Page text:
Dennis Richardson, Paul Dibb and Michael Wesley at book launch

Dennis Richardson, Paul Dibb and Michael Wesley at book launch

Why Russia remains relevant

18 June 2018

By CAP Student Correspondent Georgie Juszczyk

You know a book is worthy read when all copies have been snapped up before the official launch has even begun.

Such was the fate of Emeritus Professor Paul Dibb’s new book, ‘Inside the Wilderness of Mirrors: Australia and the Threat from the Soviet Union in the Cold War and Russia Today,’ recently launched by the former ASIO head, Dennis Richardson AO.

The book aims to fill what Professor Dibb calls the “gaps” in Australia’s Cold War history.

“I think there’s a tendency in this country to think that we didn’t do much in the Cold War,” he says. “Well, none of that is true.”

In the book, Professor Dibb uses recently declassified information to explain how the American-Australian joint intelligence facilities in Pine Gap, North West Cape and Nurrungar actually made Australia a possible target of Soviet nuclear attack.

But Mr Dennis Richardson sees the book as more than just a Cold War memoir.

“It is partly autobiographical, it is partly a study of governance and intelligence and it is partly a history of the essential ingredients of Australia’s approach to national security, foreign and defence policy.”

“Through it all, there is a profound understanding of the Soviet Union and Russia, demonstrating… that he [Professor Dibb] is one of Australia’s great scholars and strategic thinkers.”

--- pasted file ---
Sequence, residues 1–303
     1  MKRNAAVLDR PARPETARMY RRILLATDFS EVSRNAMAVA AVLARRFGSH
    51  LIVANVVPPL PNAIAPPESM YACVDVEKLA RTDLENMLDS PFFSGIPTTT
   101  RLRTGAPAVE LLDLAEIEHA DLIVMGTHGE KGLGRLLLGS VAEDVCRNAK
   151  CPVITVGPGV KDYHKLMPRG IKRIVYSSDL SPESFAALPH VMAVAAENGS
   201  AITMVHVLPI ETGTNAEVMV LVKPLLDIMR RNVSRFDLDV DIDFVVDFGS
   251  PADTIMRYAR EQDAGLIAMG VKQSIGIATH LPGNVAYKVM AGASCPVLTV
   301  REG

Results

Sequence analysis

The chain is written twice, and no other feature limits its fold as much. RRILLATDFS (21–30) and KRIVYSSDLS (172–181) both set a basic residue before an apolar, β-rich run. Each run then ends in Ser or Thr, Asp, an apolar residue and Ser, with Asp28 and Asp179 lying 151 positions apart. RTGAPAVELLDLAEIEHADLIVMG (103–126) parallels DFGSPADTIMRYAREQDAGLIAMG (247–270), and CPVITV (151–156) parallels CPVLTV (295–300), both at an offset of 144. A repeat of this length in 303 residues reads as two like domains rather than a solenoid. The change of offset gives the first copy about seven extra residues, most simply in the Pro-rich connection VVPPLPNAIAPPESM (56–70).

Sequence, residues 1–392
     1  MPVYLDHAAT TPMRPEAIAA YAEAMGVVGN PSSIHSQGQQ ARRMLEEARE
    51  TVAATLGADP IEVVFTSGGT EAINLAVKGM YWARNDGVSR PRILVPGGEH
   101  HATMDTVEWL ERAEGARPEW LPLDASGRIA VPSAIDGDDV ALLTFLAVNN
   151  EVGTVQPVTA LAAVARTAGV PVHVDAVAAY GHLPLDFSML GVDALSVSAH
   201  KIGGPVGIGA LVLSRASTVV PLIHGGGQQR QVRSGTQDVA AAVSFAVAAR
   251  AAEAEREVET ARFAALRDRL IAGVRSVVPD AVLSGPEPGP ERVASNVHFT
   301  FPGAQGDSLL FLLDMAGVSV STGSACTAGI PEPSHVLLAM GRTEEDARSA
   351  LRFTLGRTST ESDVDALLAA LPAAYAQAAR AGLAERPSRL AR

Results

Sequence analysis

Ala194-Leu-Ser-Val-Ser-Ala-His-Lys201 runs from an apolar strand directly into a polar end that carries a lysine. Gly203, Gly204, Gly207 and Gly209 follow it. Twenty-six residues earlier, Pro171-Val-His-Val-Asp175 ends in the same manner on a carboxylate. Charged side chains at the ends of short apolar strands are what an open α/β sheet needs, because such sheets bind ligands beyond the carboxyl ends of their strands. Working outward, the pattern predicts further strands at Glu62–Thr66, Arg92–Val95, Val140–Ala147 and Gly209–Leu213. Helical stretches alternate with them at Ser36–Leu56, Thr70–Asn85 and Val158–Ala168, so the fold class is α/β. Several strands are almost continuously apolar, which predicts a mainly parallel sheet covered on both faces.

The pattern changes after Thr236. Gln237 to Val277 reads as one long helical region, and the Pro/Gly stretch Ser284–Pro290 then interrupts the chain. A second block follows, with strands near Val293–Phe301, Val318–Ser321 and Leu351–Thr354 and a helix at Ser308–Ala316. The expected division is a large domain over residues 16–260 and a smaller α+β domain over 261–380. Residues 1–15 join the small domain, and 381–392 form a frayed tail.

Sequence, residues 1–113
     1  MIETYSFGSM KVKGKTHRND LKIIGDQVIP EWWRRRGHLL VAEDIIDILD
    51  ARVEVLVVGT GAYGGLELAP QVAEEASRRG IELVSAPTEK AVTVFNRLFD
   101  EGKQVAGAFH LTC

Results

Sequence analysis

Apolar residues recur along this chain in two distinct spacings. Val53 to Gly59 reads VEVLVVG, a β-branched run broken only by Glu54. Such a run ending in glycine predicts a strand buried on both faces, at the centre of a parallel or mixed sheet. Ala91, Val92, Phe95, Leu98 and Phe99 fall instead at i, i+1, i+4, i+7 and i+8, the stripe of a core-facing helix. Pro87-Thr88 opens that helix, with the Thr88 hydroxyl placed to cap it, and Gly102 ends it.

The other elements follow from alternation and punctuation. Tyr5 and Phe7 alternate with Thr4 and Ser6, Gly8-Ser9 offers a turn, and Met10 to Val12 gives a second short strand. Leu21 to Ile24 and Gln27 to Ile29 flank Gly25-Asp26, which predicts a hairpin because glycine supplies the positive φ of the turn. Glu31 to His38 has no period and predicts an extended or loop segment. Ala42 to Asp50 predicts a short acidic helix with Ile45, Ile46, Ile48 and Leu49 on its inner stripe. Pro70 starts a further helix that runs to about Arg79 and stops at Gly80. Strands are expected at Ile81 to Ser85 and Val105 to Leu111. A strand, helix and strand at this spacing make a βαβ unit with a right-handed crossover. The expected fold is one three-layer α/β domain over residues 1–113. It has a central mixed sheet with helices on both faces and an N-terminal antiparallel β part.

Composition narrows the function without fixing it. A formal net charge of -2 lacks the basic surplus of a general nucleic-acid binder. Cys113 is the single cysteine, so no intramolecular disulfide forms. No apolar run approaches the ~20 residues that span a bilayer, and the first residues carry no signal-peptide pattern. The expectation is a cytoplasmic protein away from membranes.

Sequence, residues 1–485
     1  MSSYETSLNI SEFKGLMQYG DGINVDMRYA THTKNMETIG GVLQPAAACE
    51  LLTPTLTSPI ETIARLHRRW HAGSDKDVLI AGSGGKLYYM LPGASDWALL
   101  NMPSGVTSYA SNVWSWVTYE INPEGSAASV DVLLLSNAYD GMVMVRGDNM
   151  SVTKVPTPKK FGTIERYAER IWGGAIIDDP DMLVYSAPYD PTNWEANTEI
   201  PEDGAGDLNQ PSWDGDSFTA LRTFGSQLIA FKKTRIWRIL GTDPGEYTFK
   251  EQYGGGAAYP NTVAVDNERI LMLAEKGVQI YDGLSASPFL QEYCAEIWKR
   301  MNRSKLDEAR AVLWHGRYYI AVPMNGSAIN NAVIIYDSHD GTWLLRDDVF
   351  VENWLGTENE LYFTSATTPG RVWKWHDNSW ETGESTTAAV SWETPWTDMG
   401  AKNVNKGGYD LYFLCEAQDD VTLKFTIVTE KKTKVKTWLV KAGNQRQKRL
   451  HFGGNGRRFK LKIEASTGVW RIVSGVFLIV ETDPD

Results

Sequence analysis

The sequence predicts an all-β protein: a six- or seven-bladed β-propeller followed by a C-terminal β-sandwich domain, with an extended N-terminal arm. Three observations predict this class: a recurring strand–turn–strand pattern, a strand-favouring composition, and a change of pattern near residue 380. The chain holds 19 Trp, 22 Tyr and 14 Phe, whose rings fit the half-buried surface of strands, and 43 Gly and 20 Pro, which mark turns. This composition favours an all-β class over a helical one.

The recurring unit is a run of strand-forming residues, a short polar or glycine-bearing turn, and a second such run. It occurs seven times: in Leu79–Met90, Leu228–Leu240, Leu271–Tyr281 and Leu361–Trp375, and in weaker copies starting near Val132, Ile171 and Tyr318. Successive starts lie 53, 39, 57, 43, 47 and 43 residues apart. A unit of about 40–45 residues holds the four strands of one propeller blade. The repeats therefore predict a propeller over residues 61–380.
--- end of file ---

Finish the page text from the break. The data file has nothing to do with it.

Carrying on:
Mr Richardson also explains how the book revealed many “essential truths” which remain relevant in today’s strategic and volatile environment.

Of particular importance is the need for rigorous debate when examining potential foes and the threats they pose.

To Professor Dibb, this means avoiding “group think” and over-specialisation to the detriment of holistic intelligence analysis.

He explains his own experience of such pressures during the 1980s.

“I knew I would get into trouble even saying that it [the Soviet Union] was not a proper superpower, ” says Professor Dibb.

“It was weak economically; it was weak socially and ideologically. It’s one strength was military power and even that America exaggerated.”

Yet he warns the same folly might be playing out in defence planning circles today.

“Right now,” Professor Dib says, “I am sick of hearing about the strength of the Chinese military… I don’t mean to say that China isn’t making some remarkable progress because it is. But where is the book, where is the analysis that tells us that China has some serious problems?”

The book is available onlineand in hard copy.

By CAP Student Correspondent Georgie Juszczyk

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